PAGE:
Abraham would roam in his mind, thinking,”How long shall we bow down to the work of our own hands? It is not right to worship and bow down to anything but the earth, which brings forth fruit and sustains us.” But when he saw that the earth needs rain, and that without the sky opening and sending down rain, the earth would grow nothing at all, then he thought again: “It is not right to bow down to anything but the sky.” He looked again and saw the sun which gives light to the world, and brings forth the plants, and thought, “It is not right to bow down to anything but the sun.” But when he saw the sun setting, he thought, “That is no god.” He looked again at the moon and the stars that give light at night, and thought, “To these it is right to bow down.” But when the dawn broke, they were all effaced, and he thought, “These are no gods.” He was in distress at the thought: “If these phenomena have no mover, why does one set and the other rise?” To what can this be compared? To a traveler who saw a tremendous large castle, and wanted to enter it. He examined it from all sides but could find no entry. He called out a few times but there was no response. Then he lifted up his eyes and saw red woolen cloths spread out on the roof. After that, he saw white flaxen cloths. The traveler thought, “Surely a man lives in that castle – for otherwise how would the cloths appear and disappear?” When the master of the castle saw that he was in distress over this, he asked, “Why are you in distress? I am the master of the castle.” Similarly, when Abraham saw the appearance and disappearance of phenomena in nature, he thought, “Unless there were someone in charge, this would not happen. It is not right to bow down to these, but to the One in charge.” And he wandered in his mind, trying to find the truth of the matter. When God saw him in distress, He said to him, “You love righteousness”– to justify the world.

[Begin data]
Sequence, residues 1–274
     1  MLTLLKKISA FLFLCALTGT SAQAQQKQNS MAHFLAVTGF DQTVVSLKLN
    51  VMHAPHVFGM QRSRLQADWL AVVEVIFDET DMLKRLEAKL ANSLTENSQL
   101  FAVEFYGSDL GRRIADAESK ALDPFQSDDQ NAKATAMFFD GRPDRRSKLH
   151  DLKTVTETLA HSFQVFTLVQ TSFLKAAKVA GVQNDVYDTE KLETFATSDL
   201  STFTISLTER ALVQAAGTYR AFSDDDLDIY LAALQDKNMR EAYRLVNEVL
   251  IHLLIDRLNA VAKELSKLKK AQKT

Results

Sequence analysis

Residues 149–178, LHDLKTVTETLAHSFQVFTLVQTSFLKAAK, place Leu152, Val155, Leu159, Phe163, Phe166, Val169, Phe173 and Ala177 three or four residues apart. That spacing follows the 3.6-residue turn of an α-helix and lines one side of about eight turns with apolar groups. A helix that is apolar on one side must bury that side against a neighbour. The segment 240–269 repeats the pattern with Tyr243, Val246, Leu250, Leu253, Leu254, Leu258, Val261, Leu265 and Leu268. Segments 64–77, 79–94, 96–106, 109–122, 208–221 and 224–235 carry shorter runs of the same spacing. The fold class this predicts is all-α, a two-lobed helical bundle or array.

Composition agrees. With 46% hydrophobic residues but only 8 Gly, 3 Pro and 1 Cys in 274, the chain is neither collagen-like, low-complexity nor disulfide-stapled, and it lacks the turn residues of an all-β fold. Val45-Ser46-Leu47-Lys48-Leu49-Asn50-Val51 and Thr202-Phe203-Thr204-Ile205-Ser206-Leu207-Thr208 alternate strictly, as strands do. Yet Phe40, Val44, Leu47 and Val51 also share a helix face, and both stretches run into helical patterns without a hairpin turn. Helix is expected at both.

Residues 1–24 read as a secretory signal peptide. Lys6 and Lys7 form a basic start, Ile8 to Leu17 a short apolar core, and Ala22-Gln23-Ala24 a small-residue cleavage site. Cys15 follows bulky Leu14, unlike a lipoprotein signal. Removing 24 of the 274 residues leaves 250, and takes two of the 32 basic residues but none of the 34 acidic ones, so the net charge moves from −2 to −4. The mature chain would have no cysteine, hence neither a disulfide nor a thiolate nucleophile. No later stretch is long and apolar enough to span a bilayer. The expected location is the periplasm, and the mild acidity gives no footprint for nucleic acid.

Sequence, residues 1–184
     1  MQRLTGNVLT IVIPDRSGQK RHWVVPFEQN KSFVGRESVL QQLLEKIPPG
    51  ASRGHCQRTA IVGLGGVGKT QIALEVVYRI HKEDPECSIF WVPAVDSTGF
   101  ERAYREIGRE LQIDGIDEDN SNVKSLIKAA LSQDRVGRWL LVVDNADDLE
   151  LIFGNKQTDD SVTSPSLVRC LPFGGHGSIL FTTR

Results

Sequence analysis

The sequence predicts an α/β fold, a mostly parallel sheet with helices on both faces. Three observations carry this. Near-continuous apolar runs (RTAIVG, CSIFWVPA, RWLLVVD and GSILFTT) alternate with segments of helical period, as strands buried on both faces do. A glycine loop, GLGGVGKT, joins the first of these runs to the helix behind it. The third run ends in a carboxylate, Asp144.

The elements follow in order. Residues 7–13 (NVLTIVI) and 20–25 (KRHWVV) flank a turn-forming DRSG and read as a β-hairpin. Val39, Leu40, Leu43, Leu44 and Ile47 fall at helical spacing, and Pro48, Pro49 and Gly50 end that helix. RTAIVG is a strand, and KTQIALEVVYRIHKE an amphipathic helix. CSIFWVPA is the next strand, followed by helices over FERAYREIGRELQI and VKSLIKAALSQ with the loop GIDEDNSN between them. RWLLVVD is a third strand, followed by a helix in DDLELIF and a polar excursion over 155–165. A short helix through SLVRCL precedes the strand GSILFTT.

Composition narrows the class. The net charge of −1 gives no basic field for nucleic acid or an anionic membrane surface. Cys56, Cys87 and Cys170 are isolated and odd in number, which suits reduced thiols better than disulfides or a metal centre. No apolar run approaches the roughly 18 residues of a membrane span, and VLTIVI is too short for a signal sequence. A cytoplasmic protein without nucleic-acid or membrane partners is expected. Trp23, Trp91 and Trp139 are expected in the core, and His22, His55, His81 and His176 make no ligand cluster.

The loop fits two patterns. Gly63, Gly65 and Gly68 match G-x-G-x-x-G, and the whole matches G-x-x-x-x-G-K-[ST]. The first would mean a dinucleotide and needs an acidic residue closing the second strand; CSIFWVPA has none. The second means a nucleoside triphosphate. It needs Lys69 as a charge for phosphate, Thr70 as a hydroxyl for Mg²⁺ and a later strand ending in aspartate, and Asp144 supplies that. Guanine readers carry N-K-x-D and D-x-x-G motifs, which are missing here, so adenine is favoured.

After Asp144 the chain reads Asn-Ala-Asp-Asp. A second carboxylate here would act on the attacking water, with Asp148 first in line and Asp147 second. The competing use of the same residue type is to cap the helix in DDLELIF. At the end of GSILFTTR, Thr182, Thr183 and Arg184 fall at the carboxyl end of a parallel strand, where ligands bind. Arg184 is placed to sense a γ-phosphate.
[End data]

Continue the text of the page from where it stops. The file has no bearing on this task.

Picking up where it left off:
Why is Abraham’s distress important? What does it tell us about Abraham? What does it mean to wander in your mind?
Why is “justifying the world” loving righteousness?
When men began to increase on earth and daughters were born to them, the divine beings saw how beautiful the daughters of men were and took wives from among those that pleased them. … It was then, and later too, that the Nephilim appeared on earth — when divine beings cohabited with the daughters of men, who bore them offspring. They were the heroes of old, the men of renown. The LORD saw how great was man’s wickedness on earth, and how every plan devised by his mind was nothing but evil all the time. And the LORD regretted that He had made man on earth, and His heart was saddened. The LORD said, “I will blot out from earth the men whom I created — men together with beasts, creeping things, and birds of the sky; for I regret that I made them.” But Noah found favor with the LORD.